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Six counties are now eligible to receive state disaster assistance following two separate severe weather incidents this year. Gov. Walz authorized the funds for Murray, Pipestone, Rock and Traverse counties for $620,000 in damages caused by thunderstorms, heavy rain and flooding between Sept. 10-15. Dakota and Pope counties will also receive disaster aid for $1.6 million in damages caused by spring flooding during March 12-April 28. Dakota and Pope counties were originally included in Minnesota’s presidential disaster declaration for that incident, but FEMA denied the two counties’ request because it was submitted outside a required 30 day reporting period. The counties will be reimbursed for response, repair and recovery costs related to the two severe weather incidents. The state will cover 75 percent of the total amount, with local governments covering the remaining 25 percent. Learn more about the state disaster declaration process. Read Gov. Walz's news release on the state disaster declarations.
Minnesota’s religious and non-profit organizations are placing a greater emphasis on security as they work to keep people safe. That’s why representatives from all backgrounds recently gathered to learn about federal and state grants that would help them step up their security practices. HSEM and DPS leaders met with Muslim, Jewish and Christian-affiliated leaders to listen to their security concerns, review security trends, and answer questions about grant funding opportunities.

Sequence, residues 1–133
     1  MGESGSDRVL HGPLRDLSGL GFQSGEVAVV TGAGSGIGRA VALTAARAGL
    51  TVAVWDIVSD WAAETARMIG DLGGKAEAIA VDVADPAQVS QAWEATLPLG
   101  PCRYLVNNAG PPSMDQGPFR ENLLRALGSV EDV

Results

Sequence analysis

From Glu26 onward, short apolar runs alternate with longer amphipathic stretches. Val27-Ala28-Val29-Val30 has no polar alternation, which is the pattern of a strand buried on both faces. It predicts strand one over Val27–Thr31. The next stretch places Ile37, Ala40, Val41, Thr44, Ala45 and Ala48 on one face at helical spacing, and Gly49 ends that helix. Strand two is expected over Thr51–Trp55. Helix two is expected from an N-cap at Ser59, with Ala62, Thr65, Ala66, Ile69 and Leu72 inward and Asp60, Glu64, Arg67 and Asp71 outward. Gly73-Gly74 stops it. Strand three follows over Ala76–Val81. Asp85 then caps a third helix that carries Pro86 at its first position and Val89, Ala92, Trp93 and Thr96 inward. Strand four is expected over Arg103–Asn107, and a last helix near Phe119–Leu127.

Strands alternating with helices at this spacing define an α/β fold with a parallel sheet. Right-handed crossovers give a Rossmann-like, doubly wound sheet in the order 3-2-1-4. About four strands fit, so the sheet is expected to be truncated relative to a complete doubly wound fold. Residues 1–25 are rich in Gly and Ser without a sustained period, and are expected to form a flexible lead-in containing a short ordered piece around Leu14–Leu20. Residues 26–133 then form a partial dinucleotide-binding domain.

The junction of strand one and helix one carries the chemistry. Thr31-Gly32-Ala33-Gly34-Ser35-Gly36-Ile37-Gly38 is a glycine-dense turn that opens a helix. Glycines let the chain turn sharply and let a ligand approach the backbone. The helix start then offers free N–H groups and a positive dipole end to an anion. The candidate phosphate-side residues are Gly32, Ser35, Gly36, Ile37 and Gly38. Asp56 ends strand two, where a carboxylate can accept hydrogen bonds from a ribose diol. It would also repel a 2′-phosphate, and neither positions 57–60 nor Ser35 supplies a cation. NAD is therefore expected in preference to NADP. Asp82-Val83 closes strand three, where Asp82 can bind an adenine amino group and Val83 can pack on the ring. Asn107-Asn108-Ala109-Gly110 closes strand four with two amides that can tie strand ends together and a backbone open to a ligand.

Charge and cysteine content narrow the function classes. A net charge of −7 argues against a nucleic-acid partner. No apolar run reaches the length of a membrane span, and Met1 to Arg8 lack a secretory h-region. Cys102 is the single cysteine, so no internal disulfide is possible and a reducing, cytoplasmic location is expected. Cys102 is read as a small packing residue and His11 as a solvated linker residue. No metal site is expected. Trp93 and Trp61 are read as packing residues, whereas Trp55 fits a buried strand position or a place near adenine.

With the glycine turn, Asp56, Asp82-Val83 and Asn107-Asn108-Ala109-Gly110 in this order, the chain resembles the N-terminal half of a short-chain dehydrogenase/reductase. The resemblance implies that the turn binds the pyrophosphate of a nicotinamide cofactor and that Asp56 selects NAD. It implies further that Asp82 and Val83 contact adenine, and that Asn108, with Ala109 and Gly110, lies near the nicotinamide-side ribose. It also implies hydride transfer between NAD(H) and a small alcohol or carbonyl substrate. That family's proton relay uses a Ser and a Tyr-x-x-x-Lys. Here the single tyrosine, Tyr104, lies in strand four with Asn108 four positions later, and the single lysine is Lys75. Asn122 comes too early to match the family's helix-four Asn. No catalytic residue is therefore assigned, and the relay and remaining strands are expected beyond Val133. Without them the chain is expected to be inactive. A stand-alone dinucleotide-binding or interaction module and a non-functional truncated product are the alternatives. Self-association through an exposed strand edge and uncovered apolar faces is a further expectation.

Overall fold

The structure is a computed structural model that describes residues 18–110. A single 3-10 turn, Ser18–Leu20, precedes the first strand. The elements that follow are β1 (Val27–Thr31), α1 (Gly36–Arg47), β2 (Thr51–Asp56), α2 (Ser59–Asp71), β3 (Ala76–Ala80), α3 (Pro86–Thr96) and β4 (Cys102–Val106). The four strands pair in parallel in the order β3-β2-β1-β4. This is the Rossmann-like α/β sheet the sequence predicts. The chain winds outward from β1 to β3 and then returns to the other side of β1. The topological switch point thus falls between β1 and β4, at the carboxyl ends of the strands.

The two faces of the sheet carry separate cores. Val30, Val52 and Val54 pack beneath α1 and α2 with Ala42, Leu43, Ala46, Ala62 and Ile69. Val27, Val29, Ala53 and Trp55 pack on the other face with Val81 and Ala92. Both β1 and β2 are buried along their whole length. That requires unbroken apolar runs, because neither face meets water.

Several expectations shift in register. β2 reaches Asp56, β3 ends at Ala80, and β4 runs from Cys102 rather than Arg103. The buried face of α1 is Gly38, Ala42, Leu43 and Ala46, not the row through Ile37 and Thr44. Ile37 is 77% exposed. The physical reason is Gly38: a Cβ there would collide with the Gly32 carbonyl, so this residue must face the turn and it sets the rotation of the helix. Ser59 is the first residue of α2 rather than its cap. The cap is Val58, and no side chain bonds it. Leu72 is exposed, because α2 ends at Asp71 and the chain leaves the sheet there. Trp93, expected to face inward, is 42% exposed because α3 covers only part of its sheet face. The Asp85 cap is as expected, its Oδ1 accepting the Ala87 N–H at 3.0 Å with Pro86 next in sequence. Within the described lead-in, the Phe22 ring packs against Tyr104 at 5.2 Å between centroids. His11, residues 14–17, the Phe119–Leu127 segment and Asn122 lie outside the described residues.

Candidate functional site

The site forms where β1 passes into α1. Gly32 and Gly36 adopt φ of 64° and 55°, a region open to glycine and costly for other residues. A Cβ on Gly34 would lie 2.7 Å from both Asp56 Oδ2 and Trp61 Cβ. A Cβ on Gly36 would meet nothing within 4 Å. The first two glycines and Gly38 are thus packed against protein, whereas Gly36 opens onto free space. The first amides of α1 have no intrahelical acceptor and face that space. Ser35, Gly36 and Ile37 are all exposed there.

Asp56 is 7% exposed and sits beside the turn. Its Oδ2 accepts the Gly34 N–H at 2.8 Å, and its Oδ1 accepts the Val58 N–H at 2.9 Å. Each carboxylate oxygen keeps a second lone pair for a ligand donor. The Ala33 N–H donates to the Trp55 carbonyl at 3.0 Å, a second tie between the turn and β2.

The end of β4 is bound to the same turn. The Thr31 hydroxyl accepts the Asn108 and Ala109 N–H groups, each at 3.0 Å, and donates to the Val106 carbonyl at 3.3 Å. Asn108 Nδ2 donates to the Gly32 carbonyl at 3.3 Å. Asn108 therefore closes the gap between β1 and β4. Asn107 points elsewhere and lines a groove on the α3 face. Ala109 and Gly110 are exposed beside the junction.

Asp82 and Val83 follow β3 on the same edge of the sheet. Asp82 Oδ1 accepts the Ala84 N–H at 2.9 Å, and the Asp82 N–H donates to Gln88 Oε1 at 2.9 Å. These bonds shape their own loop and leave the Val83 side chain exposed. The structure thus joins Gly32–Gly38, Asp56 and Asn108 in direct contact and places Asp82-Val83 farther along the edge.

HSEM oversees the Federal Emergency Management Agency’s (FEMA’s) Non-Profit Security Grant (NPSG) Program. The funding provides support for target hardening and other physical security enhancements to non-profit organizations that are at high risk of attack. Learn more about HSEM grant programs.
Minnesota has seen a historic wet year—starting with spring flooding followed by a rainy summer. All that water means farms are still under water or too wet to harvest, especially in the Red River Valley in northwest Minnesota. The ongoing problem is why HSEM Director Joe Kelly recently joined Gov. Tim Walz for a roundtable with farmers. With rivers, streams and lakes still running high, flood concerns could continue through next spring, depending on how much snow the state sees this winter. Read more about the harvest woes and how the state is working to alleviate the issue.
The Minnesota School Safety Center (MnSSC) recently learned how educators and law enforcement are working together in Clay County, Minnesota and Cass County, North Dakota to keep schools safe. Representatives from the two counties highlighted their unified school response program, which allows them to streamline emergency planning and support each other with response procedures during a bad day. The interstate collaboration is an example of how communities work together to keep students safe; before, during and after an emergency. Read the latest MnSSC newsletter.